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Local temp table created inside stored procedure does not drop automatically at the end of current session

    Question

  • Here I just want to play with local temp table behavior inside a stored procedure. I still create and drop temp table inside the same proc.

    Below is the sample proc:

    /*********************************************/

    CREATE PROCEDURE dbo.test2

    AS
    /*
    exec dbo.test2
    */
    begin
    begin try
        CREATE TABLE #test2(test2 int)

    return
    end try
    begin catch
        select 'This is inside CATCH statement of proc test2!'
    return
    end catch
    end
    GO

    /*********************************************/

    After I close the query window that runs "exec dbo.test2" and the conn session is supposed to be closed(?). When I open another query window and run the query below:

    select * from tempdb.sys.columns 
    where name in ('test2')

    I still see this record there, which means the temp table still exists after the session is closed(?). This column is unique for sure.

    Any explanation here?

    Thanks.

    Shigui,


    • Edited by ysgui Monday, July 29, 2013 11:18 PM
    Monday, July 29, 2013 11:08 PM

Answers

  • Well, a partial explanation.

    Since SQL 2005 when a #temp table is dropped, it isn't *really* dropped but only renamed.  This is apparently in the expectation that it is only going to get recreated anyway, so it is more efficient to save the old definition and rename it back again than to munge the system tables deleting and creating it.

    Now, you can't see the tempdb.sys.column named 'test2' from the same session that created it, only from another session!  This reveals some of the voodoo that tempdb is doing with it's rename shuffle.  EXACTLY how that works I don't know, maybe you can Bing it out, but apparently it involves the sessionid.

    But you will notice, you can rerun your SP without getting an exception, so the table *has* been dropped, more or less.  :)

    Josh

    • Marked as answer by ysgui Wednesday, July 31, 2013 12:22 AM
    Tuesday, July 30, 2013 2:14 AM
  • Have a look at the Temp Caching well explained by Paul White http://sqlblog.com/blogs/paul_white/archive/2012/08/17/temporary-object-caching-explained.aspx

    Please use Marked as Answer if my post solved your problem and use Vote As Helpful if a post was useful.

    • Proposed as answer by Tom PhillipsModerator Tuesday, July 30, 2013 8:48 PM
    • Marked as answer by ysgui Wednesday, July 31, 2013 5:05 PM
    Tuesday, July 30, 2013 2:21 AM
  • Thanks JRStern.

    I notice that columns create_date and modify_date have different timestamp after I run the same proc again. I think the server re-use the temp table definition to avoid the DMV locking from concurrency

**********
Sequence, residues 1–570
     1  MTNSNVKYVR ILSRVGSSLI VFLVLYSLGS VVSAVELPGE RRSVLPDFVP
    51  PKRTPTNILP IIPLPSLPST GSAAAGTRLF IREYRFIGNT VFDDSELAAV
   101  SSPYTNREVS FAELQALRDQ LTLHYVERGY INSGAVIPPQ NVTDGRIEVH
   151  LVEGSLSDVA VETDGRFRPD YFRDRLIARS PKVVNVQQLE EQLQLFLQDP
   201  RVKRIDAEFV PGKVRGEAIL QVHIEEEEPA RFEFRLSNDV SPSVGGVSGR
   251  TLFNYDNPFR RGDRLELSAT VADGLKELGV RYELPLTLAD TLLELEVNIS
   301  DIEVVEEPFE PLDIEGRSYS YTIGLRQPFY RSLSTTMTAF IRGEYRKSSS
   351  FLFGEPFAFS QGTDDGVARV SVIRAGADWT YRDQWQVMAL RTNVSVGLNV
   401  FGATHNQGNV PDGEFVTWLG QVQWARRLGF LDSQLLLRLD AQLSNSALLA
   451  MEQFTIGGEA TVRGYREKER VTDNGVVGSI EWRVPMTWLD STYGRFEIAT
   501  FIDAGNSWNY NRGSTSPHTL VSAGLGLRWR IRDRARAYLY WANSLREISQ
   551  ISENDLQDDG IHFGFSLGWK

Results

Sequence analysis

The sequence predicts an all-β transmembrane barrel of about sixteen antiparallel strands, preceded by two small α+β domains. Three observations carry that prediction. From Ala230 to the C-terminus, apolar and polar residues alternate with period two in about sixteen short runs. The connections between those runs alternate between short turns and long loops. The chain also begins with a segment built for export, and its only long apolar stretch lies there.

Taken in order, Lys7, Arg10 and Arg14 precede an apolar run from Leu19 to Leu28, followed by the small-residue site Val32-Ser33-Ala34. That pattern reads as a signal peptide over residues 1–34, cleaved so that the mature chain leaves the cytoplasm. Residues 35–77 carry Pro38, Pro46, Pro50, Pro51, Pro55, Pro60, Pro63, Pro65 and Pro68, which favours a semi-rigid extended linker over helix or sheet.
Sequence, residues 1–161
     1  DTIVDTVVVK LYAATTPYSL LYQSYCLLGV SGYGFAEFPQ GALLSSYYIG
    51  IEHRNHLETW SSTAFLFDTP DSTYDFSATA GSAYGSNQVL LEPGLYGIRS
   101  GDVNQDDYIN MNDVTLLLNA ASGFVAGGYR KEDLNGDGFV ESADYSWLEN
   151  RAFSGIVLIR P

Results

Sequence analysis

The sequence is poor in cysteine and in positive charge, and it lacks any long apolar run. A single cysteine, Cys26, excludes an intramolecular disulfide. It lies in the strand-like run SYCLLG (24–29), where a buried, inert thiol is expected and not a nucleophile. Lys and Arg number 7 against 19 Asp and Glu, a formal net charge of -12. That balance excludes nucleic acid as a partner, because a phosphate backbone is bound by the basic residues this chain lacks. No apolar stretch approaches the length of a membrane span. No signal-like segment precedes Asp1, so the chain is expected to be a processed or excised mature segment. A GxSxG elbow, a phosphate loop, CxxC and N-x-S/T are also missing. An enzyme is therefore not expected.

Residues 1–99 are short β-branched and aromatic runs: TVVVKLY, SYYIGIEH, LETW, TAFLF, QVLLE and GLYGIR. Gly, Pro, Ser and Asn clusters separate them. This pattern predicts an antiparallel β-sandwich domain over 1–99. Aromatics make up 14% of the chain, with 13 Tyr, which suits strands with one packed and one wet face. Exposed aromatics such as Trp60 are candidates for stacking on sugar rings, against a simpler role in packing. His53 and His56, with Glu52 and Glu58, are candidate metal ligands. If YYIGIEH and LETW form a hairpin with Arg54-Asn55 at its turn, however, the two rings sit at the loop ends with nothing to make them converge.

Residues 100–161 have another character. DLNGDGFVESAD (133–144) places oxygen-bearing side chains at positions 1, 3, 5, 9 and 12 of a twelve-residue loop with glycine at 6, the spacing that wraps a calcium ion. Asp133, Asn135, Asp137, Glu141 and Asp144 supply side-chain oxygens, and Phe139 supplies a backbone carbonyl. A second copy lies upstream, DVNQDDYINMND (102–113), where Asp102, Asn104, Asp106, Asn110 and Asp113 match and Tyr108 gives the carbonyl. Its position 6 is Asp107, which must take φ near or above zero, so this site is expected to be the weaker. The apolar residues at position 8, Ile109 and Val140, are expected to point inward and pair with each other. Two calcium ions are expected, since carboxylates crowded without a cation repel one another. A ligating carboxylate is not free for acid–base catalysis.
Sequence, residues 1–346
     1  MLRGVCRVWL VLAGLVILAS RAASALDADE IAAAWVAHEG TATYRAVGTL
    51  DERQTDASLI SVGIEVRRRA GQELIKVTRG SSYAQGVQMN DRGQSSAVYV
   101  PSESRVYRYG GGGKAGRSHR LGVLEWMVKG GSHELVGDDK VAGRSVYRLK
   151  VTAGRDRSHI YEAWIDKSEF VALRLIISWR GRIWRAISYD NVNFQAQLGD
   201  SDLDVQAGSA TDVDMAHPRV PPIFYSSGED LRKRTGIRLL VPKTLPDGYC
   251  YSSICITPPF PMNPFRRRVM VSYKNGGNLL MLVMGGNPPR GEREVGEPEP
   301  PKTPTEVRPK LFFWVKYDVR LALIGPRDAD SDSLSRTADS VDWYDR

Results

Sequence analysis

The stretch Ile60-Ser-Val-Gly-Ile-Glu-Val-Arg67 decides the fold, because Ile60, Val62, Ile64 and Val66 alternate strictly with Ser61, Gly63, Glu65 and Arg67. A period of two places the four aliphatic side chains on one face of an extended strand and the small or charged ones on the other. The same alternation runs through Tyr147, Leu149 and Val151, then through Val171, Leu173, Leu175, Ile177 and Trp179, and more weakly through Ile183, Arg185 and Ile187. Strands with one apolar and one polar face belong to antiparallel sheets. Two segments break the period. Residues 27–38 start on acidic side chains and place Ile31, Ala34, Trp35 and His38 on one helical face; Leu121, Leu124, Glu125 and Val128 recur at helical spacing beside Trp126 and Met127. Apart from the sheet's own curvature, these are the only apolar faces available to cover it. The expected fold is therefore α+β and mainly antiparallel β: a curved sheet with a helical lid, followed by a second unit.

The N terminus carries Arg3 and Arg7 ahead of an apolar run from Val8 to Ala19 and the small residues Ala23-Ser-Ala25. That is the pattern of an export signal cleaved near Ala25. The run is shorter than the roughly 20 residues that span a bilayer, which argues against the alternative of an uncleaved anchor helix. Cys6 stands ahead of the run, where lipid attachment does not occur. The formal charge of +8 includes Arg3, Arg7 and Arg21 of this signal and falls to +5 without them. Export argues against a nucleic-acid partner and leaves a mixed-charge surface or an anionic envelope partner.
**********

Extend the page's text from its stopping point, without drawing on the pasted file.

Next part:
• Marked as answer by ysgui Wednesday, July 31, 2013 12:26 AM
    Wednesday, July 31, 2013 12:25 AM

All replies

  • Well, a partial explanation.

    Since SQL 2005 when a #temp table is dropped, it isn't *really* dropped but only renamed.  This is apparently in the expectation that it is only going to get recreated anyway, so it is more efficient to save the old definition and rename it back again than to munge the system tables deleting and creating it.

    Now, you can't see the tempdb.sys.column named 'test2' from the same session that created it, only from another session!  This reveals some of the voodoo that tempdb is doing with it's rename shuffle.  EXACTLY how that works I don't know, maybe you can Bing it out, but apparently it involves the sessionid.

    But you will notice, you can rerun your SP without getting an exception, so the table *has* been dropped, more or less.  :)

    Josh

    • Marked as answer by ysgui Wednesday, July 31, 2013 12:22 AM
    Tuesday, July 30, 2013 2:14 AM
  • Have a look at the Temp Caching well explained by Paul White http://sqlblog.com/blogs/paul_white/archive/2012/08/17/temporary-object-caching-explained.aspx

    Please use Marked as Answer if my post solved your problem and use Vote As Helpful if a post was useful.

    • Proposed as answer by Tom PhillipsModerator Tuesday, July 30, 2013 8:48 PM
    • Marked as answer by ysgui Wednesday, July 31, 2013 5:05 PM
    Tuesday, July 30, 2013 2:21 AM
  •  After I close the query window that runs "exec dbo.test2" and the conn session is supposed to be closed(?). When I open another query window and run the query below:

    Hello,
    Closing the query windows will not closed the current connection session. You can try to restart the instance of the current connection under the Object Explorer of SSMS or create a new connection.

    If you have any question, please feel free to ask.

    Regards,
    Fanny Liu

    If you have any feedback on our support, please click  here.


    Fanny Liu
    TechNet Community Support

    Tuesday, July 30, 2013 2:54 AM
    Moderator
  • Thanks JRStern.

    I notice that columns create_date and modify_date have different timestamp after I run the same proc again. I think the server re-use the temp table definition to avoid the DMV locking from concurrency

    • Marked as answer by ysgui Wednesday, July 31, 2013 12:26 AM
    Wednesday, July 31, 2013 12:25 AM
  • Pretty much session _id is the column spid from sp_who2. When I close one query window, I do not see that spid anymore. Does that mean the session is closed?
    Wednesday, July 31, 2013 12:51 AM

  • Closing the query windows will not closed the current connection session.

    Yes it will.  In SSMS each Query Window has its own connection and closing the query window closes that connection. 

    David


    David http://blogs.msdn.com/b/dbrowne/

    Wednesday, July 31, 2013 12:56 AM